Lawsuit: Minn. man's death linked to 'pink slime' tainted with E. coli


The family of a St. Cloud man who died of kidney failure shortly after eating ground beef is suing a South Dakota-based manufacturer, Beef Products, Inc., and seven other companies.

The New York Daily News reports 62-year-old Robert Danell was one of 25 people in 17 states sickened in a 2009 E. coli outbreak.

Danell had Down Syndrome and attended a day program at Opportunity Manor Group Home in St. Cloud where he ate a hamburger and Swedish meatballs shortly before he became ill in Dec. 2009. Both meals included beef from Tyson Foods that contained BPI's "lean finely textured beef” or ammonia-treated beef scraps known as "pink slime."

After enduring massive damage to his internal organs, Danell died at St. Cloud Hospital on Jan. 19, 2010.

According to the lawsuit, Minnesota Department of Health records show a Greeley, Colo. slaughter house operated by JBS Swift & Company sold beef trim to BPI.

BPI then processed the scraps into "lean finely textured beef” that is sprayed with ammonia to try to kill pathogens like E. coli and salmonella.

Molecular tests were able to link the E. coli strain that sickened people back to JBS.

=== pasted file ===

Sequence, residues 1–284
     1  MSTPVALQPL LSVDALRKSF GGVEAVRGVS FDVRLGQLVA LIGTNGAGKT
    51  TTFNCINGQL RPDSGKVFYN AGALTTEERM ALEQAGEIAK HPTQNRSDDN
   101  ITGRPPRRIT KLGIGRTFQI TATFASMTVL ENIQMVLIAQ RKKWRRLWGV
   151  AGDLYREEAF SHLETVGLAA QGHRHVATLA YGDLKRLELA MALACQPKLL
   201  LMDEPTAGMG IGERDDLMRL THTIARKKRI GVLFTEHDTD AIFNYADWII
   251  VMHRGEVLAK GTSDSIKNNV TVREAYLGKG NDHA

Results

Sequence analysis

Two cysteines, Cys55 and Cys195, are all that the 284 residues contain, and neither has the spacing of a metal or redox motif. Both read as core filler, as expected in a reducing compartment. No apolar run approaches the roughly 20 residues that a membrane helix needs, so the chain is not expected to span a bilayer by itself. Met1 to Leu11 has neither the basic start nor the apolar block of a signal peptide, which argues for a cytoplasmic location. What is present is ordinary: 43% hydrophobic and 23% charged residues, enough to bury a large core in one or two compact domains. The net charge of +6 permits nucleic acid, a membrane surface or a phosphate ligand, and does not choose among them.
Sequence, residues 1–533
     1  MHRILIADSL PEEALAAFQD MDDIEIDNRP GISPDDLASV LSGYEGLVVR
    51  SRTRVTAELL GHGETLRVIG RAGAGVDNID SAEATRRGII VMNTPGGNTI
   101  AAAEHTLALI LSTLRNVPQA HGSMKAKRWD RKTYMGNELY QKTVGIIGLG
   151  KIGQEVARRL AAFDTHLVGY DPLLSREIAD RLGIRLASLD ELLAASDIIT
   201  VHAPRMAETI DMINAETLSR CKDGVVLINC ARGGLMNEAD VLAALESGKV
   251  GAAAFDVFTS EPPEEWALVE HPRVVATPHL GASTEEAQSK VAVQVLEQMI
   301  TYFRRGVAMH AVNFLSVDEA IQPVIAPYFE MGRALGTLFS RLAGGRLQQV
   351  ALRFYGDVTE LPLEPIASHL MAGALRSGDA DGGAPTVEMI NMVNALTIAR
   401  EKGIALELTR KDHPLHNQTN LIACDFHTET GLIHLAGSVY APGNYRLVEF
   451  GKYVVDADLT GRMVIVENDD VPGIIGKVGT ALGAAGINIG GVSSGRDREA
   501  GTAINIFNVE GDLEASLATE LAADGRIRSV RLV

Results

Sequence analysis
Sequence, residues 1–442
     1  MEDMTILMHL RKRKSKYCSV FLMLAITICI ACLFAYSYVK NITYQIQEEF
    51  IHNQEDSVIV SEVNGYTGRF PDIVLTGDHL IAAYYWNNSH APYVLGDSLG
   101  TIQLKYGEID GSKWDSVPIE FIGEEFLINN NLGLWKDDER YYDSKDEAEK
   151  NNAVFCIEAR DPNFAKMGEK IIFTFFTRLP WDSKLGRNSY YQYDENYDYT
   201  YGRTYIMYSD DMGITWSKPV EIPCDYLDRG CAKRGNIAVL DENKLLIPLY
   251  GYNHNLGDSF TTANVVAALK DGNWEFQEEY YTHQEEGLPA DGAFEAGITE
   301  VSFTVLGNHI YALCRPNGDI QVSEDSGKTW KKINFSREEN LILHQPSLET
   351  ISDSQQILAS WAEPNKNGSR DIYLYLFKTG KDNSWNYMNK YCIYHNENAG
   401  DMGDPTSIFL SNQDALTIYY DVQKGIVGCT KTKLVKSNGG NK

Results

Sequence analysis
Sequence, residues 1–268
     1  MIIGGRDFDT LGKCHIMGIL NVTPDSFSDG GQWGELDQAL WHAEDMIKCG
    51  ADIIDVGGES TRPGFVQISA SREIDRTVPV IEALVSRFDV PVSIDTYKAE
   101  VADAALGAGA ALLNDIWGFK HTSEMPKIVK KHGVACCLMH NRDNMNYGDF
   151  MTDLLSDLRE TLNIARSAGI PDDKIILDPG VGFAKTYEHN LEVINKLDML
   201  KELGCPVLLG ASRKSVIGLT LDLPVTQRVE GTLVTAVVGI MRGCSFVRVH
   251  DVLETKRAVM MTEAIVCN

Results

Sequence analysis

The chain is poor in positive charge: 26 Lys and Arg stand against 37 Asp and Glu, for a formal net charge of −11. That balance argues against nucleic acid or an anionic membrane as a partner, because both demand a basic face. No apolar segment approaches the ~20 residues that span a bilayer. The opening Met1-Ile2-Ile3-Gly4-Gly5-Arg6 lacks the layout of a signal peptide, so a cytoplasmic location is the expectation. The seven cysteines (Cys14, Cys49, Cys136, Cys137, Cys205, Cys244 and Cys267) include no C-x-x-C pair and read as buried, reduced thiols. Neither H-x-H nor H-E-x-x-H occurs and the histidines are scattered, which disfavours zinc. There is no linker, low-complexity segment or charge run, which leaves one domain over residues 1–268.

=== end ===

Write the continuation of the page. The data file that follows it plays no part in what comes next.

Bill Marler of Marler Clark, a Seattle law firm that represents victims of foodborne illness, tells New York Daily News that he is "99.99 percent sure" that Danell's death was linked to the beef scraps BPI sold to Tyson.

The suit lists BPI, JBS, Tyson and and a handful of other companies. Marler tells KMEG that the lawsuit isn't targeting just BPI, but the entire chain of distribution.

BPI representatives say the case "lacks merit" and the company will aggressively defend against such action.

In a statement issued Tuesday, Tyson said, "We do not believe our beef operations were the source of the illness that led to Mr. Danell's unfortunate death. In fact, Minnesota state health officials reported they were not able to conclusively determine the ultimate source."

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